The dismantling of 18th-century tapestries in Rome infuriates art historians while a Berlin dealer opens an NFT exhibition.
Museums Must Own Up to Slavery Links, According to Tate Show Curator –
The Tate Britain exhibition “Life Between Islands: Caribbean-British Art 1950s–Now,” according to curator David A Bailey, has set an example for how British institutions might confront their patronage’s links to slavery.
Sir Henry Tate, an industrialist who gained his money from the sugar trade, which was tied to slave labour in the Caribbean, founded the Tate Collection in the late 1800s.
It’s important to remember that not everything at an art fair is for sale.
The New York Times examines the tried and tested practise of preselling, a process that might be confounding to the inexperienced, ahead of the beginning of Art Basel Miami Beach this week.
Why bring a piece that has previously been sold to a fair?
It’s often a matter of security, as David Zwirner highlighted at Art Basel in September: “We presold a lot of stuff, not knowing what the fair would bring us.” “It’s preferable to be safe than sorry.”
NFTs of Drake’s Album Cover by Damien Hirst –
Damien Hirst, never one to pass up a cross-over opportunity, coined 10,000 NFTs for the cover he designed for Drake’s album Certified Lover Boy.
The NFTs, titled Great Expectations, was “airdropped” for free as a Thanksgiving present to holders of Hirst’s flagship NFT project, The Currency; they were not offered for public sale. But that didn’t stop some of the new owners from taking advantage of the situation. Several Great Expectations NFTs were listed on OpenSea for at least 1.1 ETH ($4,500) each not long after.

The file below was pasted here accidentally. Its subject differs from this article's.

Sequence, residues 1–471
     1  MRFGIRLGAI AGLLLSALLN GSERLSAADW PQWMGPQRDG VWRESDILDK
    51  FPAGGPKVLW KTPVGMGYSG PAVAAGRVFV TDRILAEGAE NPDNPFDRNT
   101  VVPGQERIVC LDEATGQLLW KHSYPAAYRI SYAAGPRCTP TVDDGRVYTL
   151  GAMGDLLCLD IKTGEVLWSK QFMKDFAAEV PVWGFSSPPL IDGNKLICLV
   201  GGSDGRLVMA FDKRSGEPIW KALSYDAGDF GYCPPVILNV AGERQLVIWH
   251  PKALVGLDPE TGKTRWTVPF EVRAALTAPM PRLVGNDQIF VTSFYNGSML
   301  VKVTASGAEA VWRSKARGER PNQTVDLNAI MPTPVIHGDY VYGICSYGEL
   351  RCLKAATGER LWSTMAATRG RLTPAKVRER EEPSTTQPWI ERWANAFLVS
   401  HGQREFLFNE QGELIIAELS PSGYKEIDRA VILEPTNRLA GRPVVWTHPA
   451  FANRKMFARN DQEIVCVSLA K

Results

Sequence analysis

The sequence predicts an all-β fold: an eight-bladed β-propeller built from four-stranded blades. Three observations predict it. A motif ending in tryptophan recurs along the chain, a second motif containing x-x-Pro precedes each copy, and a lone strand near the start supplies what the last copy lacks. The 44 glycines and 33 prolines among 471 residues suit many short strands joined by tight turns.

Tapestries are being removed from the French Academy, causing a stir
More than 150 art historians and academics have signed a petition condemning the French Academy in Rome’s decision to remove tapestries from its Grand Salon in response to concerns from some of the school’s young artists. The tapestries have links to Europe’s imperial past, as they were inspired by a series of exotic paintings delivered to Louis XIV by the former Dutch governor of Brazil.
Those who oppose the decision claim that it is the product of cancelled culture and a “purification” effort motivated by “hate stoked by fanatics.”
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